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Lethbridge Herald Newspaper Archives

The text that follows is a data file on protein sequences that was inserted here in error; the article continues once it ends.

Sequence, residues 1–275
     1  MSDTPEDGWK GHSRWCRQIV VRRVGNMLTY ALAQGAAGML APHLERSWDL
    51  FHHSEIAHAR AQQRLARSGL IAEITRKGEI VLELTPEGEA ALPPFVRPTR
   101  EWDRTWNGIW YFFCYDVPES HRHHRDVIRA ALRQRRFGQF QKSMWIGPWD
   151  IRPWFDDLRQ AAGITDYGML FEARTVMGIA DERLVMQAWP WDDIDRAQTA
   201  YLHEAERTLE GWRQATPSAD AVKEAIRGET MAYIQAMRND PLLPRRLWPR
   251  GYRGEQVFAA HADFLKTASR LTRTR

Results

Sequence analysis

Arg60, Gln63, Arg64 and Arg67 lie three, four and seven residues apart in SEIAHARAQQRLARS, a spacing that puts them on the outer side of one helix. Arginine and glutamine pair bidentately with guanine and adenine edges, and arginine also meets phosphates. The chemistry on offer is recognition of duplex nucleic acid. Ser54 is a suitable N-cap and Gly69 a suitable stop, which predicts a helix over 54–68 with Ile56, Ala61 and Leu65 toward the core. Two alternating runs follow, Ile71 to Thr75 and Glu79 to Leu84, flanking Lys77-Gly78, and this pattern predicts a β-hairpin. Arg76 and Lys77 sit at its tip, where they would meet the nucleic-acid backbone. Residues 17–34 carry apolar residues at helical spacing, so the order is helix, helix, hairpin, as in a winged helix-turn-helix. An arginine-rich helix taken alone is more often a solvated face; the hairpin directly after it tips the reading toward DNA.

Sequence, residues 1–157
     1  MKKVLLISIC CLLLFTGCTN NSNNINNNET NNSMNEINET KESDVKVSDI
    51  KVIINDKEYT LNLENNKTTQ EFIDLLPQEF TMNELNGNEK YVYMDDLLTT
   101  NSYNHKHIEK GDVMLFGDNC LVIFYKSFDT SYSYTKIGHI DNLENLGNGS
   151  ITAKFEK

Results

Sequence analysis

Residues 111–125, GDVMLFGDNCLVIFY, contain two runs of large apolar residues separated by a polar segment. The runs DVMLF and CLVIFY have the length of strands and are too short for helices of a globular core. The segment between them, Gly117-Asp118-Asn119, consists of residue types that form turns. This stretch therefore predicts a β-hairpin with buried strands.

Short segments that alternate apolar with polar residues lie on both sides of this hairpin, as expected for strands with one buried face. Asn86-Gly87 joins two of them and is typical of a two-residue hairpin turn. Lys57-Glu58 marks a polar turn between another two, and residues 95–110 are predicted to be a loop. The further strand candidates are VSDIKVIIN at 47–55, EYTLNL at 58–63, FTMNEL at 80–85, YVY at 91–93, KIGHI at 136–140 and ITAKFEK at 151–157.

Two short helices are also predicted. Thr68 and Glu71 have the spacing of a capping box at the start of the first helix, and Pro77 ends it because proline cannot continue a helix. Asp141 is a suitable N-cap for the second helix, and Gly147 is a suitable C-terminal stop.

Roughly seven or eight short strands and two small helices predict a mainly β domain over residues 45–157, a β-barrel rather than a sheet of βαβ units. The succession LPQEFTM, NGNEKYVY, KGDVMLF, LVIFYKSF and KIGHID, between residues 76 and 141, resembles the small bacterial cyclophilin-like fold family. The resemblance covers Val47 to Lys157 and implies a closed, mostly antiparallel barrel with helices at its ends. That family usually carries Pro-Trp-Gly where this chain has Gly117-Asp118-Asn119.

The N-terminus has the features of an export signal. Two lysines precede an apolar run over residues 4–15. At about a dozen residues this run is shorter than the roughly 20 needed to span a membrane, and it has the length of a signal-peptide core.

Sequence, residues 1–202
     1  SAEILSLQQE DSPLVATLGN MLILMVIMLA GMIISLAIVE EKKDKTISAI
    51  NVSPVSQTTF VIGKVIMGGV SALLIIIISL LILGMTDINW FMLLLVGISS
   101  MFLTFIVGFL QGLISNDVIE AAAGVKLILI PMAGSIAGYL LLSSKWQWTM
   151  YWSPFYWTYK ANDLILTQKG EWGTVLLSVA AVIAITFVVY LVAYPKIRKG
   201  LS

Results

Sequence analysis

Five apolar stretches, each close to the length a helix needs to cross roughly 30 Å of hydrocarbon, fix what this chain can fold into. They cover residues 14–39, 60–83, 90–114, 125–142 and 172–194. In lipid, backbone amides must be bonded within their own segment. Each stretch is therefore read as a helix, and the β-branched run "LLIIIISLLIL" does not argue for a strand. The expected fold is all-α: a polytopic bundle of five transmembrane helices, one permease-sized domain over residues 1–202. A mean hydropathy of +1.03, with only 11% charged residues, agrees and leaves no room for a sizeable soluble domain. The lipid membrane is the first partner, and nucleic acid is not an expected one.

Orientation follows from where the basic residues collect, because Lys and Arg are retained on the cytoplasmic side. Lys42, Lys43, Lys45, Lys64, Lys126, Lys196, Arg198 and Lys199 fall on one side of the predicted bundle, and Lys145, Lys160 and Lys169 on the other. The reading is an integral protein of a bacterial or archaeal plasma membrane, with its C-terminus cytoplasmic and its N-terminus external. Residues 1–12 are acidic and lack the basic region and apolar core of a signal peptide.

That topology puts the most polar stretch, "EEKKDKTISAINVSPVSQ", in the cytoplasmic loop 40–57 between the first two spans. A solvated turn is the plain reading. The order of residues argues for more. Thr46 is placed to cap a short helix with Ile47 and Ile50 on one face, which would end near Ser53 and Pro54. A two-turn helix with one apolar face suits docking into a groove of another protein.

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Lethbridge Herald, The (Newspaper) - December 18, 1973, Lethbridge, Alberta 16 THE LETHBRIDGE HERALD 1973 Lawrence Lamb M.D. DEAR DR. LAMB I am a 31-year old man and have a question for you. For the past four or live weeks I have had an upset stomach and nausea teeling Also abdominal pain on both the right and left sides. Sometimes the pain is well above the area of the appendix. There is no soreness in this area at all. In the past when I felt good and took a laxative I could feel a little pain in the area of the appen- dix. Could my trouble be DEAR READER It's un- likely that your problem is appendicits. it can be atypical and rarely present most confusing symptoms. but usually it is a lot different than you describe. Appendicitis usually begins with a nauseated feeling in the pit of the stomach above the umbiclicus. This is followed by pain and tenderness in the lower right side. It may be associated with lack of a re- cent bowel movement. The rest of the diagnosis is made on physical examination and laboratory tests. appendicitis does not cause generalized ab- dominal nor does it cause problems on both sides ol the abdomen. Although many people describe more than one ap- parent these are of short duration and the problem is limited to a few hours or at days It does not persist for weeks. I would suspect that you are having problems with your colon. The horse shoe shaped colon goes around the outside and top of the abdomen and is frequently the cause of abdominal discomfort. I would suggest you go see your physician He can tell if you have a tender colon by ex- amining your abdomen. DEAR DR. LAMB I was told recently the vitamin E pills I take .have a sex stimulant in them. I take them tor my complexion and am curious if this is true I am a ear-old married woman with a very healthy sex life anvway So. I can't tell if any stimulant exists DEAR READER You can't either blame or credit the vitamin E for your sex lite It is useful in animals who have a deficient diet to improve their sexual function to normal. It has no proved benefit or action of this sort in people. I receive a lot of hostile letters from people about vitamin E because I have dared to write the truth. A lot ot vitamins have different ac- tions in different species. It isn't too that man and animals react differently to vitamin E. You see a similar thing with vitamin C. The vitamin gurus are quick to point out that man is unique in not being able to manufacture vitamin C from ordinary car- bohydrates. Many animals can. We are unique in being susceptible to vitamin C while many animal species in the world are not. It would not do any good to give a lion vitamin C just because you can prove .that man has scurvy if he doesn't get it. So it is with vitamin E. it does a lot of good lor those animals who have a different type of metabolism than man. but man doesn't have the same requirement. One possible reason for this is our ability to substitute other chemicals for use in our body processes. In other man in this instance has the built-in protective device. In the case of vitamin C. most animals have built-in protec- tion and we don't. Send your questions to Dr. in care of this new- P.O. Box Radio City New N.Y. 10019. For a copy of Dr. Lamb's booklet on losing send 50 cents to the same address and ask for booklet. Flashback By THE CANADIAN PRESS Dec. 1973 The American Congress passed an amendment to the constitution 108 years ago to- day in 1865 abolishing slavery in the United States. The victory of the Union over the Confederate States in the Civil War. which ended that vear. finally ended slavery in the country 1954 A crash of an Italian airliner at New York's Idlewild Airport took 26 lives. Goren on Bridge BY CHARLES H. GOREN TIM TrlklM Both vulnerable. S o u t fa deals. NORTH Q J43 0 Q83 WEST EAST AJ10 4K986S4 OKJ9542 OA76 A9 SOUTH V A K 10 9 7 0 10 AK852 The South West North East 1 V Pass 2 V Pass 3 Pass 4 V Pass Pass Pass Opening Jack of 4 Few bridge writers have successfully managed to translate the bridge expert's thought processes into the written word. No one has managed the task better than two-time world champi- on Mike Lawrence in his first to Read Your Opponent's The Bridge Experts' Way to Lo- cate Missing High Lawrence sets out clearly and logically how an expert thinks when he be-' gins to play a and I know of few whose card play will not benefjt from a study of this book. It is a pity that an otherwise excellent work is marred by some shoddy proofreading. Today's hand is from the book. West leads the jack of covered by the queen and king and ducked. The spade continuation is won by the ace. Declarer must lose a spade and a dia- mond so to succeed at his contract he must limit his club losses to one trick. To do declarer must get some idea of the oppo- nents' distribution. From the opening de- clarer that East must have one of the dia- mond for with both the ace and king West would surely have led the king. De- clarer draws two rounds of trumps with the queen and noting that East shows out. West fails to follow to a third which is ruffed in dummy. East is marked with six spades and a singleton heart. Declarer cannot afford to get a complete count of the hand by ruffing two dia- for that would run him out of trumps. from the knowledge he has' West is more likely to hold the ace of clubs than East. With a six-card a the ace of clubs and either the ace or king of East would proba- bly have overcalled two spades. the only way for de- clarer to hold his club losers to one is to hope West's ace of clubs is guarded only once. declarer enters his hand with a trump and leads a club to the queen. When that he returns a club and ducks in his hand. This play is known as the fi- and when West's ace the contract is home. Your horoscope lyJeaneDixon DEC. It Your birthday Finds you getting down to serious business in managing your career effort. Much is to be learned in relatively short so get Relationships are generally occasionally tur- fulfilling special needs Today's natives are productive often with a unique talent in music. ARIES Zl-April Family situations demand full of underlying ten- resolution for the better Realize that friends have expensive projects in mind. TAURUS 20-May Close collaboration is to be kept strictly impersonal if you are to avoid errors of judgment. Extravagant com- pliments should be dis- regarded. GEMINI 21-June Carry on with what you bypassing the tempting sidelines suggested by acquaintances. Letting others deal for you creates contusion CANCER 21-July Impulses toward excess are likely now. It may occur to you that some of your habits are detracting from your basic well-being and should be dropped. LEO 23 Aug. Your continued search for personal peace of mind and means of projecting calm onto those around you brings results late today. Express vourselt. VIRGO 23-Sept. Concentrate on those tasks you do alone or with very little co-operation Today's energy is hard to but very constructive if you manage it. LIBRA 23-Oct. Where planning has been ade- today brings achievement. The unforeseen is normal and takes a belated decision right out of your hands. SCORPIO 23 Nov. Your time for initiative comes in with a rush of diverse incidents. Make the best of the situation. Plunge in to take what is reject what is not. SAGITTARIUS 22 Dec. With just little care lor the feelings of those you this can be a day of progress in all fields. Creative endeavors find favor among the influential. CAPRICORN 22 Jan. Long-standing issues tend to very abrupt endings now. Be prepared to go forth with a whole new a fresh set of conditions to meet. AQUARIUS 20 Feb. Deal forthrightly with those in and where you hold it. make definite but moderate decisions you can sustain later. Home life is better. PISCES 19 March Romantic ventures seem at standstill while career ad- vancement makes a great deal of headway. Social activi- ty simply takes up valuable time and resources. The Chicago Tribune Ask Andy Andy sends a complete 20- volume set of the Merit Students Encyclopedia to Tommy age of for his question. How did the Incas erect such huge The Incas built stupendous pyramids and splen- did palaces and well-planned roads and bridges and fortresses. Most of their buildings were deserted centuries ago and many lie partly in ruins. Some visitors have thought that such magnificent buildings were not made by human hands and that the Incas used magic to haul those enormous stones and set them so secure- ly in place. But actually those bygone builders used something better than magic. When the Inca Empire was at its it reached from southward through the lofty Andes to Argentina. Its capital city was perched two miles high among the peaks of Peru. Roads stretched from end to end of the more than miles. And every ten miles or so there were sturdy Inca buildings fortresses and cities and shrines. We know more or less how the Inca builders worked because they left their tools behind. None of their work was done by magic. Their secret was manpower the skills of master the cleverness of human hands and the strength of human all working together in teams. They took their building blocks from quarries of limestone and other suitable rock. But they had no dynamite to blast off the chunks. Instead they found natural cracks in the rock and drove in wooden wedges. When the wedges were soaked with they expanded. The cracks became wider and great chunks were pried free. Some of the slabs weighed many tons and hauling them to the building site was a big job. The Incas had no modern building equipment to help them. They had no wheels and no horses. teams of strong men used ropes to haul the huge slabs to the building site Perhaps they also used logs or round stones to help roll them along. The architects did not de- pend on drawings or blueprints. Instead they made a small clay model of the planned building. The builders used a simple slide-rule to copy the model on a larger scale. Pits were dug and the first row of building blocks was half buried in the ground. As a wall grew piles of rubble were used to build a ramp beside it. The upper rows of building blocks were dragged up the slopes When a stone reached the top of the it was shaped and smoothed to fit perfectly in place. The tools for this work were made of hematite or some other extra hard stone. No cement or mortar was used to stick the stone in place. But when the job was each stone fitted like a cork in a bottle. The man-made Inca buildings were handsome and very durable. In Cusco stood their great Temple of the Sun. When the Spanish arrived they remodeled this building and made it into a Christian church In the region was struck by a major earthquake. The fancy front and all the stonework done by the Spanish crumbled to rubble. But the sturdy old Inca walls survived without damage. Questions asked by child- ren of Herald readers should be mailed to Ask P.O. Box 765. Huntington Beach. California 92648. Chronicle Publishing Co. Fun with figures By J A. H. HUNTER BEEP BEEP AN ALARM Each distinct letter stands for a particular but different digit. This should waken even though it will be an odd You know what that means. Yesterday's Orange 6 cupcake 7 cents. Mr. Hunter answers all ideas welcomed. Record sales NEW YORK Fire- stone Tire and Rubber Co. Thursday reported record sales and earnings for the fiscal year ended Oct. 31. Profits rose 21.4 per cent to million or a share from million or a share. PC TOW REAU.V MEAN TM AT _ THINK I AUY FLIPPEP At I WANT DK JWANP LOVE by frank o'neal SHORT RIBS ILL HAVe MY PAD PUT you WANT A TovroBTUse1 A 7MNSI SET ME A TDy TORTURE BACK.... I WANT A1W TORTURE RACK HI AND LOIS by dik browne I WISH I GOULD LEARN TO WALX QN BUGS BUNNY NOW THAT WE'VE FINISHES PINNER IT'S TIME TO SHOW YOU MY HOME J I C'M HARCHX I GOT SOME SHOTS OF MY LOOSE I'LL BLONDIE by chic young THESE ORIGINAL OIL PAINTINGS MAKE PERFECT CHRISTMAS 1 GIFTS FRINSTANCE--I CAN SELL YOU THIS ORIGINAL REMBRANDT TOR JTWv BE ONLY A REAL REMBRANDT IS WORTH THOUSANDS AND THOUSANDS 7 OF SO I TAKE A LITTLE ARCHIE by bob montana ...ROYAL SOCIETY'S BI6 COUNTESS B GET YOUR HAGAR THE HORRIBLE dik browne BEERE BAILEY by mort walker 6ET OUTA ZERO GO Bue LT. FUZZ LI'L ABNER byalcapp TUMBLEWEEDS OLE MEREL.V X TH'APPV-TlZER.r V' WE'RE GONNA BETH'MAIN COURSE. SMALL WONDER.'.' SHE'S SEEN HER SCRIBBLE SCRIBBLE SCRIBBLE HOW JUST A POG60NE ;